• Register
Return to: Home > News > Tax > Australia's large emitters brace for carbon tax

Australia's large emitters brace for carbon tax

The Australian parliament has passed the carbon tax bill that imposes a levy of A$23 ($23.8) a tonne for the country's 500 worst polluters.

The Australian Senate approved the tax in a 36-32 vote, following a 74-72 vote last month in the House of Representatives.

The new tax will hit several business sectors including the countries’ booming mining sector.

The new tax has been widely opposed by some stakeholders and its recent approval has been interpreted as support for the government’s climate and global warming agenda.

KMPG Australia chief executive Geoff Wilson told the International Accounting Bulletin the new tax will have a, “significant effect on many businesses in Australia particularly the high carbon emitters”.

“We are already seeing a significant upturn in advice clients need on the future regime. Because we now have an established starting price for carbon that is finding its way into key investment decisions that Australian businesses are making,” he said.

BDO Australia managing partner Tony Schiffmannsaid the firm has already done some work in helping clients understand the coming legislation.

“It will impact the largest companies directly and our early indications show that other smaller companies will also be impacted, but not materially,” he said.

Deloitte Australia chief executive Giam Swiegers said some of the firm’s clients are looking at the new law favourably and some a bit less

“We are already seeing a surge in helping our clients understand the implication of the new tax and seeing several opportunities for us,” he added.

The new carbon tax will come into effect in July 2012 and move to an emissions trading scheme from July 2015.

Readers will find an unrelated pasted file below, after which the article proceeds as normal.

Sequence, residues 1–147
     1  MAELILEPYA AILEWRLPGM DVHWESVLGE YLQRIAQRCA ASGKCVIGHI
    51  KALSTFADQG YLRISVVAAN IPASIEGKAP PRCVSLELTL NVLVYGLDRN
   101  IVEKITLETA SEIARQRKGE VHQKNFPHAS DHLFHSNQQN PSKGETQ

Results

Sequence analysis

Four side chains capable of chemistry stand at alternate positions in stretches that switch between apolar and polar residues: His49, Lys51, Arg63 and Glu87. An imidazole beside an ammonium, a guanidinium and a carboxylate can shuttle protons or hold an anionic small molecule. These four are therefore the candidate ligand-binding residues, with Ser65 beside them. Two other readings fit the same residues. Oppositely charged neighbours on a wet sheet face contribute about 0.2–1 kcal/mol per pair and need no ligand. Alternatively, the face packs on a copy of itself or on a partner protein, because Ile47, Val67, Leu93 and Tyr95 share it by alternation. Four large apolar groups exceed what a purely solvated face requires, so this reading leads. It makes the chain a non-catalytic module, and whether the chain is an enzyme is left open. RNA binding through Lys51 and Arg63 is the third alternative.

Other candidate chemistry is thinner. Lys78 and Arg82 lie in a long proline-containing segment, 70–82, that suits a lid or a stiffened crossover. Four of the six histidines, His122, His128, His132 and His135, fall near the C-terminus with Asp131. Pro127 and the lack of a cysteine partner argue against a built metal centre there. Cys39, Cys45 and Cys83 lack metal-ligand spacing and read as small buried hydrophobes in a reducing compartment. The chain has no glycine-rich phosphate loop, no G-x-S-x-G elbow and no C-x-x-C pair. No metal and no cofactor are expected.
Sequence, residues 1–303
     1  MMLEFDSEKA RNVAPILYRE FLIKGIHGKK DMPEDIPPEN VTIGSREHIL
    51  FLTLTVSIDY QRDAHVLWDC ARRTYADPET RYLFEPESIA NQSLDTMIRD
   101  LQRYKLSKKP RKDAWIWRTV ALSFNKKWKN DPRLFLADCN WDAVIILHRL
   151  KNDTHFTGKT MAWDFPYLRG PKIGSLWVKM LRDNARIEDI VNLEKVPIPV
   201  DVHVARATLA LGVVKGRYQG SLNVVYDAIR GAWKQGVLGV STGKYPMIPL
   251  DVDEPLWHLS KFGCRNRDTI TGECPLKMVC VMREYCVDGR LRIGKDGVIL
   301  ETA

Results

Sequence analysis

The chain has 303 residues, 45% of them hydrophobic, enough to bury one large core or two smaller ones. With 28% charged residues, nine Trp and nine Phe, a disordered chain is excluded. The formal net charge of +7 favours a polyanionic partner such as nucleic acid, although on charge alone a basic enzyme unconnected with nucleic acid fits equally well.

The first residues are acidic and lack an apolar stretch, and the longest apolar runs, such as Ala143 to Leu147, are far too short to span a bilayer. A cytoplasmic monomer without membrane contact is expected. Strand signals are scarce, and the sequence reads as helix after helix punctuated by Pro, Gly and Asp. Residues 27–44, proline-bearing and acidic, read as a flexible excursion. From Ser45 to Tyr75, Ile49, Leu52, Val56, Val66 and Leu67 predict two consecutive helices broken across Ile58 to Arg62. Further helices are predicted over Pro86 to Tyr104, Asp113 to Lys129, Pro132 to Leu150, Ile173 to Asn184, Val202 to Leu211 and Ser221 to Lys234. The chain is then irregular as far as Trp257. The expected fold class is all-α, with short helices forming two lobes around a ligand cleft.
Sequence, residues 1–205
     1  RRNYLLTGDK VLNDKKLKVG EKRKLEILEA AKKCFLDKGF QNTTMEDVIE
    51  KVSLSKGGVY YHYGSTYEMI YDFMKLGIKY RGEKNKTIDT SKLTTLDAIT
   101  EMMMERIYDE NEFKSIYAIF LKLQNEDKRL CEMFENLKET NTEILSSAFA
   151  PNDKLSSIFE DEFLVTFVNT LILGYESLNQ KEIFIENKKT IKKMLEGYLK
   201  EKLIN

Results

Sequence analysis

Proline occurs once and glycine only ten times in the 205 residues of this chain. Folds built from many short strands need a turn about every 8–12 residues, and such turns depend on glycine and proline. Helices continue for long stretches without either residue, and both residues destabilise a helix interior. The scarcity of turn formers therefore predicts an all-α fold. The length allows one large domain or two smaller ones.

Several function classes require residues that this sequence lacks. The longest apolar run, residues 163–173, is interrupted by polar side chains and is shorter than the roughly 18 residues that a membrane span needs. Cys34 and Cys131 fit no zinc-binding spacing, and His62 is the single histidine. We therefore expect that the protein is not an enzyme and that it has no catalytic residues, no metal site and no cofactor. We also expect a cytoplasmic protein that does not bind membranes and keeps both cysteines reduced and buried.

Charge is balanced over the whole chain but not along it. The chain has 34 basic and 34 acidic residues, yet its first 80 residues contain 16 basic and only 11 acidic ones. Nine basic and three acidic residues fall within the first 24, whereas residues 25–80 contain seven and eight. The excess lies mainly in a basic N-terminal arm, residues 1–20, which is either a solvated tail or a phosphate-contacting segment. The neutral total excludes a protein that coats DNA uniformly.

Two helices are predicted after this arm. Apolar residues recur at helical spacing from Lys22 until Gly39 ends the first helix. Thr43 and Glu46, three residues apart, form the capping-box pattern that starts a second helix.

The Australian government is also considering introducing mining tax legislation.  Recently Prime Minister Julia Gillard’s government introduced legislation into parliament for a 30 percent tax on coal and iron-ore profits.

Top Content

    Time pressure: Facing up to mental health

    In an ‘always on’ culture, it is becoming increasingly difficult to manage a healthy work-life balance. While companies are beginning to address this problem by introducing different support systems, Joe Pickard finds more could be done to ensure the wellbeing of the professions workforce.

    read more

    Venezuela: the race for the dollar

    With a new currency following hyperinflation, large sections of the population emigrating to neighbouring countries, an economy on the brink of collapse and no apparent solution coming from the government, Jonathan Minter finds a profession struggling to stay afloat in Venezuela.

    read more

    Brazil: transparency and control

    Brazilian accountants have an optimistic view of the impact of more-regular reporting and the implications of audit controversies for the profession. Paul Golden reports.

    read more

    Argentina: looking for a clearer view

    The Argentine accounting profession continues to grapple with the impacts of a weak economy and a culture of financial corruption. Paul Golden takes a closer look.

    read more

    Blockchain: adapting to disruptive tech

    In the relatively few years since digital currencies first began using blockchain technology, the array of potential applications has grown significantly – and continues to expand. Dan Balla, Matthew Schell and Dave Uhryniak from Crowe look at how it impacts accountancy.

    read more
Privacy Policy

We have updated our privacy policy. In the latest update it explains what cookies are and how we use them on our site. To learn more about cookies and their benefits, please view our privacy policy. Please be aware that parts of this site will not function correctly if you disable cookies. By continuing to use this site, you consent to our use of cookies in accordance with our privacy policy unless you have disabled them.